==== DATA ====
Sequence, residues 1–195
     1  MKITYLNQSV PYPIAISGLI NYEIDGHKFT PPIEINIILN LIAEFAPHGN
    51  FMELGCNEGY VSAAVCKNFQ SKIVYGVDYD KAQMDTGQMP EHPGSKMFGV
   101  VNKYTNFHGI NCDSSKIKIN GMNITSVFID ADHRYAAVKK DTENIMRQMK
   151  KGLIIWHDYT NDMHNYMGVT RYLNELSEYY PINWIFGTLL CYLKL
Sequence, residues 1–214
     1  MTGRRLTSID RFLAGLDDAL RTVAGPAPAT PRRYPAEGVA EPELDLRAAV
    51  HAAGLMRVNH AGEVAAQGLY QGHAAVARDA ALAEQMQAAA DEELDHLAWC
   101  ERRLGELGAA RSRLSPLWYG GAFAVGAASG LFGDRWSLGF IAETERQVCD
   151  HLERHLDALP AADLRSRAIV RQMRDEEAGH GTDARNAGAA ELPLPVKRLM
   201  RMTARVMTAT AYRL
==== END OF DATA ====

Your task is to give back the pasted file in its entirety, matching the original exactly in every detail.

Sequence, residues 1–195
     1  MKITYLNQSV PYPIAISGLI NYEIDGHKFT PPIEINIILN LIAEFAPHGN
    51  FMELGCNEGY VSAAVCKNFQ SKIVYGVDYD KAQMDTGQMP EHPGSKMFGV
   101  VNKYTNFHGI NCDSSKIKIN GMNITSVFID ADHRYAAVKK DTENIMRQMK
   151  KGLIIWHDYT NDMHNYMGVT RYLNELSEYY PINWIFGTLL CYLKL
Sequence, residues 1–214
     1  MTGRRLTSID RFLAGLDDAL RTVAGPAPAT PRRYPAEGVA EPELDLRAAV
    51  HAAGLMRVNH AGEVAAQGLY QGHAAVARDA ALAEQMQAAA DEELDHLAWC
   101  ERRLGELGAA RSRLSPLWYG GAFAVGAASG LFGDRWSLGF IAETERQVCD
   151  HLERHLDALP AADLRSRAIV RQMRDEEAGH GTDARNAGAA ELPLPVKRLM
   201  RMTARVMTAT AYRL